It’s ironic—yesterday I was planning to write about this really fascinating patient I admitted on my last call 3 days ago, a 40-year-old man with newly diagnosed HIV/AIDS with a CD4 T-cell count of 3 (yes, three—and I thought my last guy with a CD4 count of 79 was bad) who came in with headaches/nausea/vomiting, whom we diagnosed with Cryptococcal meningitis, a fungal meningitis that only people who are extremely immunocompromised (i.e. AIDS patients) get. I was going to talk about how cool it was that I got to do his lumbar puncture, and that his lumbar puncture opening pressure was 37 (which represents a very high intracranial pressure—no wonder he was vomiting), and how we saw the encapsulated yeast cells on the India Ink stain of his cerebrospinal fluid that is classic for Cryptococcal meningitis. And how after we started treating him with aggressively with amphotericin B (a super strong antifungal agent) he was starting to get better. But instead of posting yesterday afternoon I decided to take a nap with plans to write all about it today…but then this morning I found out that he died last night, so now my story has changed completely—I am extremely depressed, shocked, and full of guilt.
It’s impossible to know what happened exactly—the patient was actually looking much better yesterday morning than on admission, and I honestly thought he would do fine overnight. Which he was, until around 11pm after he got his daily dose of amphotericin, when he went to into respiratory distress and became severely hypoxic, which was followed by cardiac arrest. Full resuscitative efforts including chest compressions and intubation were done to no avail, and he died soon afterwards. The cause of his respiratory failure was most likely just overwhelming disseminated Cryptococcal infection (he was growing Cryptococcus from his blood, his CSF, his urine…everywhere), but other causes such as pulmonary embolism, ARDS, or brainstem herniation (which is not unusual in Crypto meningitis cases) can’t be ruled out except via autopsy (which I just found out cannot be done at our facility because we don’t have the infectious precautions necessary to perform autopsies on HIV+ patients; the only option would be to send the patient to an outside private autopsy facility which would cost the family $5000 out-of-pocket, which is not really an option for them, so basically we will never the know his immediate cause of death). The mortality rate of Crypto meningitis is pretty high to begin with, and that in conjunction with his T-cell count of 3 put him in pretty bad shape prognostically, but looking back on his hospital course today, I feel like I could have done more to prevent this outcome. I won’t go into specifics, but basically I feel like I could’ve been more vigilant, and should’ve been more vigilant. I honestly just didn’t have a sense of how dangerous the first 48 hours of Crypto meningitis treatment are, not just from the infection itself but from the treatment of it (amphotericin is an awful drug in terms of side effects, both cardiorespiratory and neurological—it’s called “amphoterrible” in the ID world), and I am just kicking myself for not preemptively transferring the patient to the step-down unit or the ICU for closer monitoring. The thing is he looked good throughout the day yesterday, but of course that’s the one major caveat with younger patients—they compensate pretty well until they crash, unlike older patients who show more signs and symptoms of impending respiratory failure before they actually go into it. So both the ID fellow and I were falsely reassured by how well this guy looked as well as by his lack of subjective complaints, so we probably didn’t monitor his vitals and respiratory status as closely as we could’ve. I was in all sorts of distressed states myself this morning, and was repeatedly told by everyone that even if he had been in the ICU, even if he had been intubated prophylactically, that that would probably not have changed his outcome at all—he likely would’ve ended up succumbing no matter what to the severity of his underlying infections that were just too much for his 90-pound body to handle.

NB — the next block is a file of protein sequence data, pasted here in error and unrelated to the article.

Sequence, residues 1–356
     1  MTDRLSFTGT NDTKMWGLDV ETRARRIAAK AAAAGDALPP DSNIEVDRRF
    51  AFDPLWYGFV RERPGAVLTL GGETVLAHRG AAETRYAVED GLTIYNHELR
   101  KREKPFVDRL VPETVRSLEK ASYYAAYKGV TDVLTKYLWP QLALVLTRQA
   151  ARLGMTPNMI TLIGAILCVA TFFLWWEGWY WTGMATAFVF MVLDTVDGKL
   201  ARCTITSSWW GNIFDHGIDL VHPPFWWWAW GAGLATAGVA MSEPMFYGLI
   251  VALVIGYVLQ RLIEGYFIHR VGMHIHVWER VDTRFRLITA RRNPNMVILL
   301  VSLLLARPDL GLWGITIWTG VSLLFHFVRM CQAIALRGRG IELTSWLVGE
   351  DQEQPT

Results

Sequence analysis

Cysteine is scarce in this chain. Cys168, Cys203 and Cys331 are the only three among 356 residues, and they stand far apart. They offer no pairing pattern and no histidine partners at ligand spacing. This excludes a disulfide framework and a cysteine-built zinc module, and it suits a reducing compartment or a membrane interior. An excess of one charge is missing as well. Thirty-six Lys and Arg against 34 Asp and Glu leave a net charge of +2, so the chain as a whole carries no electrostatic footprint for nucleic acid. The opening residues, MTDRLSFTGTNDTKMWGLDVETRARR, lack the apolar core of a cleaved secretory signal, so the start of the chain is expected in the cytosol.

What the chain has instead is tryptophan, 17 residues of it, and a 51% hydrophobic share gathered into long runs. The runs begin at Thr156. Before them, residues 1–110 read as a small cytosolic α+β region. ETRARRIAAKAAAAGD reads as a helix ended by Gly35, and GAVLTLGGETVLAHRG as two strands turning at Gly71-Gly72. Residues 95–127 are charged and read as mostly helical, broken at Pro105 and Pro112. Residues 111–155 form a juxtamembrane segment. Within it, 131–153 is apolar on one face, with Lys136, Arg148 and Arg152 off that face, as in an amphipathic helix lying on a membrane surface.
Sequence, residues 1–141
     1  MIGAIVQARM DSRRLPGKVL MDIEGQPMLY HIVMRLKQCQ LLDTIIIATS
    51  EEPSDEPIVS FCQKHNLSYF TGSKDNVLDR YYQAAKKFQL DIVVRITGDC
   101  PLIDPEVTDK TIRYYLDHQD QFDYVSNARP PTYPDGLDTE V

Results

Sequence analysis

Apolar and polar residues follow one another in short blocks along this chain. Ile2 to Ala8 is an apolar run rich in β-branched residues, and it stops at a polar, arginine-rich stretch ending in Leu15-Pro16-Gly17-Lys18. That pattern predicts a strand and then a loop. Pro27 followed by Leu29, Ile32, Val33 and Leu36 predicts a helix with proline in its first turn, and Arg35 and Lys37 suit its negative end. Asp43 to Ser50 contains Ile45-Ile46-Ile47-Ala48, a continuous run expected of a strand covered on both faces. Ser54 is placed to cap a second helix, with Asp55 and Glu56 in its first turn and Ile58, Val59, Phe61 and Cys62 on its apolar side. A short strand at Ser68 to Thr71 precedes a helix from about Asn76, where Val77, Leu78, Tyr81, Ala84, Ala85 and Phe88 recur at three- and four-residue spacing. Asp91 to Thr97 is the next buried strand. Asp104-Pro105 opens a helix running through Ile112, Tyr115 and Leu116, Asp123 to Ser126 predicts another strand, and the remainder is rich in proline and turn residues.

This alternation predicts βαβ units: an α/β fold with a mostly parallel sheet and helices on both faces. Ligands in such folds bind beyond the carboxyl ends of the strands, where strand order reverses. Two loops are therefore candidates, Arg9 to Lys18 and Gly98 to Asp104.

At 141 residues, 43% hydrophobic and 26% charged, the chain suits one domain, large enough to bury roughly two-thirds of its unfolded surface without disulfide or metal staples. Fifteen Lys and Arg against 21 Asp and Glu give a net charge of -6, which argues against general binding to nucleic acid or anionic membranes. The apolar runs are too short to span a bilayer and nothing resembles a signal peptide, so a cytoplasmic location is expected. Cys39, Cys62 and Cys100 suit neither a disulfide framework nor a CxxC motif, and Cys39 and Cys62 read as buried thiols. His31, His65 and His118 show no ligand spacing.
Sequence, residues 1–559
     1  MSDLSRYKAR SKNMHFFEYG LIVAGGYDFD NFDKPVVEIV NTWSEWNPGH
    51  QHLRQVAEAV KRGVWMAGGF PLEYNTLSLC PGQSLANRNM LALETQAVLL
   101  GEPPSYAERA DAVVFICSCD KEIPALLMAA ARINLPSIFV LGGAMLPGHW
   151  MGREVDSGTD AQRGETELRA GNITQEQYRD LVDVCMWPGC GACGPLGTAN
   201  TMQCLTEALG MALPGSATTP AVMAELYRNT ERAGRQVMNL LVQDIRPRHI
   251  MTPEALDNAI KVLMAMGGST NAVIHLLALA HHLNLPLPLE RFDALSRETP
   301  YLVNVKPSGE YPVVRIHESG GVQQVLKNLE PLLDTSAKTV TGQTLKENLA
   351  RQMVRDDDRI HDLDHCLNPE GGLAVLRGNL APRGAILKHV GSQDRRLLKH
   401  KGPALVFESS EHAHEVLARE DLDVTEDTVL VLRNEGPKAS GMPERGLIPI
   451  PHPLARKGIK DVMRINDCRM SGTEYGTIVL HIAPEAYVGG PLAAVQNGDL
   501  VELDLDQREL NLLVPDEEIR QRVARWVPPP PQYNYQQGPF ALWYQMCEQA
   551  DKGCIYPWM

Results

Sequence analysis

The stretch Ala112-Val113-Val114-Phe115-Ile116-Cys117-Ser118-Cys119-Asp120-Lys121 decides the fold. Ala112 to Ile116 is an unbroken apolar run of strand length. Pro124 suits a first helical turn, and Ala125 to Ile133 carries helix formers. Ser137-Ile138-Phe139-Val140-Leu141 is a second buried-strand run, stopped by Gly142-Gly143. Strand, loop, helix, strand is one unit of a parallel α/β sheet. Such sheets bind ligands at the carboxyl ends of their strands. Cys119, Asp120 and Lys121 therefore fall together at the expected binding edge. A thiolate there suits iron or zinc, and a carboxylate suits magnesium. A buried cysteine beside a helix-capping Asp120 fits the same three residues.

But now we’ll never know, and that fact will haunt me for a long time. If he survived this bout of Crypto meningitis, he theoretically could’ve lived for decades longer—I mean that’s why I like the field of infectious disease in the first place, because infectious diseases are generally curable, or at least very treatable (in case of HIV). But I suppose on the flipside, that makes all the treatment failures that much more depressing. This is my first patient whose death I feel could’ve potentially been prevented (despite my attending feeling otherwise), and I feel awful. I guess every resident has his or her first such memorable case right? But I guess in the end, whether or not any mistakes were truly made, the most important thing is that I’ve learned some good lessons from this case—about myself, about system-based patient care loopholes, and of course about HIV/infectious disease medicine.